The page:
Farmer Focus: Testing times for older sprayer operators

Winter crops have been going into ideal conditions. Work is so much more pleasurable when not dodging showers and clearing blocked pipes on the drill.

Emergence of the earlier drilled crops has been good and in this climate in particular, getting a good start is half the battle. I didn’t get any oilseed rape drilled this year, which is maybe just as well given the poor price and the EU neonicotinoid seed dressing ban.

I had, however, hoped to put some into land that I have been renting for a number of years, but unfortunately couldn’t agree with the owner on who should establish the entitlements next year.

This is a bit of a problem with our system in NI and is partly due to a lack of clear guidance as to who qualifies as an “active” farmer. There are a number of non-farming landowners who are keen to establish entitlements on their own land in the hopes of getting an increased payment from Brussels, which is not what the scheme is designed for.

We are also lacking firm guidance on “greening” and I still don’t know how many of my hedges will qualify towards EFAs. This means holding back some land for spring crops which produce a lower margin – not a good situation.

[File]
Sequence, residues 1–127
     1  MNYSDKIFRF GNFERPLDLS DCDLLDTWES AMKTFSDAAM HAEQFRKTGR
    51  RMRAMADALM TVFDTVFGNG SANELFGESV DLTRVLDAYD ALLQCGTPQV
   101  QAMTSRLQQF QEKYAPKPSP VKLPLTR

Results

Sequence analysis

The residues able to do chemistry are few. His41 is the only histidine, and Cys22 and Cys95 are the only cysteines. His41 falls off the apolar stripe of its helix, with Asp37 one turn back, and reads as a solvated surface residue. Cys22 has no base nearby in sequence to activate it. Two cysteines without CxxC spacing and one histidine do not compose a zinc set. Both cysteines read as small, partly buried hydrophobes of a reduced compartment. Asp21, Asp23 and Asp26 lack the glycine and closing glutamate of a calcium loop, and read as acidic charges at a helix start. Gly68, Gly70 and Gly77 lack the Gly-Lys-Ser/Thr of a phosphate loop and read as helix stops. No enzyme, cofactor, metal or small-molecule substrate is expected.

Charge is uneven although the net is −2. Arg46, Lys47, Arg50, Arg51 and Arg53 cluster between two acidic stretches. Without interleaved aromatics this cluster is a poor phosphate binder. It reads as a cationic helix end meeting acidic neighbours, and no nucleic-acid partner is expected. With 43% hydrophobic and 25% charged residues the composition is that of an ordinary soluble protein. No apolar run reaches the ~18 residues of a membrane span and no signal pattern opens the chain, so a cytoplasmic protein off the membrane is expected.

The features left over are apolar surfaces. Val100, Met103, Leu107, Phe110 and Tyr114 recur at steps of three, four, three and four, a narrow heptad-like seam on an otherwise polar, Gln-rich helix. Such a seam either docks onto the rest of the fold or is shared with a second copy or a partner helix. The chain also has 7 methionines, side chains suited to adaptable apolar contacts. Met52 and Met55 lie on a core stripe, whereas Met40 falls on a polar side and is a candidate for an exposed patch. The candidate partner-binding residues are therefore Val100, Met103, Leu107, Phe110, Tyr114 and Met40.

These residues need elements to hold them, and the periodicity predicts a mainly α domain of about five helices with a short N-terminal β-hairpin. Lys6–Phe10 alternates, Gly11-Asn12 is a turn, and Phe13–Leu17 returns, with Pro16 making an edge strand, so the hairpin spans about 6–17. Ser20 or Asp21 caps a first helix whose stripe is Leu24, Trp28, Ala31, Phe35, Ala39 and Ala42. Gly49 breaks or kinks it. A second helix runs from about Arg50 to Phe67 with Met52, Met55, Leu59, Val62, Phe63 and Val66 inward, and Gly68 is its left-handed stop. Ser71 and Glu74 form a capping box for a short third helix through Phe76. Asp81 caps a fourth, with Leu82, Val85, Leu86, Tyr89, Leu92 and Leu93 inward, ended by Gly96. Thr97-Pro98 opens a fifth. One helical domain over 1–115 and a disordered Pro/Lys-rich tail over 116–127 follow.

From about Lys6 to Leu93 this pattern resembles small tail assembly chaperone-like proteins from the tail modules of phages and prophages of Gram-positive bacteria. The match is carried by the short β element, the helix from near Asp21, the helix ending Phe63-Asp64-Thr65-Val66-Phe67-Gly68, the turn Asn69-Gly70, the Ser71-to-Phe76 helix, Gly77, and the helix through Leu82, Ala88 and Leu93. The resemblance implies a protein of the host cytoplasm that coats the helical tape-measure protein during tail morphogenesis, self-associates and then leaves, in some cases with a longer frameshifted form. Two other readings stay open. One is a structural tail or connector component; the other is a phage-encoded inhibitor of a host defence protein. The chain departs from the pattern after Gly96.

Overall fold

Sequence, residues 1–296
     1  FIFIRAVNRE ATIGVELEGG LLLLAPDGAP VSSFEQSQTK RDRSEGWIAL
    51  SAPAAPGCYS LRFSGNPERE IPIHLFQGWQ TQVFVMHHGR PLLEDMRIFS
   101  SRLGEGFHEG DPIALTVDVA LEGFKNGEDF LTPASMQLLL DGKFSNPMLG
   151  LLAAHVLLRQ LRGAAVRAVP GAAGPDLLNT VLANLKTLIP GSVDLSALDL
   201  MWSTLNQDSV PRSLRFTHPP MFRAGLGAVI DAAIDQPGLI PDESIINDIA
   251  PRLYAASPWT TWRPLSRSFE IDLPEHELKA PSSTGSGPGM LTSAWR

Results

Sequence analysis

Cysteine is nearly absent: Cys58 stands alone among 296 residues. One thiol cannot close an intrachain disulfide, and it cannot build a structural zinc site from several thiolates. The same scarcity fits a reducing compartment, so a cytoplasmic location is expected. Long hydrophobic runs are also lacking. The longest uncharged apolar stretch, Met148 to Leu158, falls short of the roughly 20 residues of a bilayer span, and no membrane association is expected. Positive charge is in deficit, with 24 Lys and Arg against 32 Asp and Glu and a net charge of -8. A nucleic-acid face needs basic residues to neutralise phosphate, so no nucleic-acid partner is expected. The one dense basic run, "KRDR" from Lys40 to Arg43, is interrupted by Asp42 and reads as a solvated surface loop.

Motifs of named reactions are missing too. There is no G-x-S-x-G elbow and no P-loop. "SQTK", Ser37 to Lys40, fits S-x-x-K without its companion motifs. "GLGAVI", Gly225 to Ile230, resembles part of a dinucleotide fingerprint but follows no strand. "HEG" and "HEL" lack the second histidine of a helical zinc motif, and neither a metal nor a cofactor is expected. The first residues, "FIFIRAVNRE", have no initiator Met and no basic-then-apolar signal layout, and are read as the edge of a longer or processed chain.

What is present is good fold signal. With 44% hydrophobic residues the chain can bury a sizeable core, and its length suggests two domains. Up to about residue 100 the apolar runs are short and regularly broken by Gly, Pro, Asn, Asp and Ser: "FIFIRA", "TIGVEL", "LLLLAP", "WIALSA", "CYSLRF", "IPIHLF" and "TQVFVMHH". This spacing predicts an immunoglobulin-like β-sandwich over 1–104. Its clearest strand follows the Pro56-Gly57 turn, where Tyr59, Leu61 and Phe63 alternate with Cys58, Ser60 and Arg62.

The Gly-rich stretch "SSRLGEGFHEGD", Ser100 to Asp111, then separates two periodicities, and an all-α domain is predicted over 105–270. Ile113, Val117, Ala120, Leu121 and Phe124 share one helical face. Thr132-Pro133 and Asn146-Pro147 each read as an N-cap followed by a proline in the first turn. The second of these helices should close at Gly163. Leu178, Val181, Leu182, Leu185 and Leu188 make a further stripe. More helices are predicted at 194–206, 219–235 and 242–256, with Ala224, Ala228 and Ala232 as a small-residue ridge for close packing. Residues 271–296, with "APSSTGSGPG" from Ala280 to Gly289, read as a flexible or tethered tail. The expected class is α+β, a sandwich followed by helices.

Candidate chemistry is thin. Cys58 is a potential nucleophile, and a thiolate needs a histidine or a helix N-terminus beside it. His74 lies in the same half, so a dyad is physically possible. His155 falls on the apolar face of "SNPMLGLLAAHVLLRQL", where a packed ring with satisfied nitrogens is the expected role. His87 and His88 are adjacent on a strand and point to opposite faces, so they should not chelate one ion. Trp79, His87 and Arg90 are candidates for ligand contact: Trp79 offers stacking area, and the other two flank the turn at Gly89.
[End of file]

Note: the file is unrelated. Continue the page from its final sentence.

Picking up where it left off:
I recently had to complete my “grandfather rights” assessment, which I managed to do with a complimentary “Good knowledge in all areas” comment at the end. While I accept the need for pesticides to be applied safely, I do object to being made to take a test on the basic operations of a tractor and sprayer just because I was born before 1964. Following that logic, we should be testing anyone older than 50 on all the other numerous tasks carried out daily on farm, even if they already have an agricultural qualification!

Maybe in my “old age” I should just establish my entitlements and retire. I could then go into politics, for which, apparently, no previous experience or any tests are required.

Robert Moore  farms on the Molenan Estate in Northern Ireland, where his family have farmed for more than 200 years. He switched to arable production in the late 1990s, away from beef and sheep. He still has a small suckler herd on unsuitable arable land.

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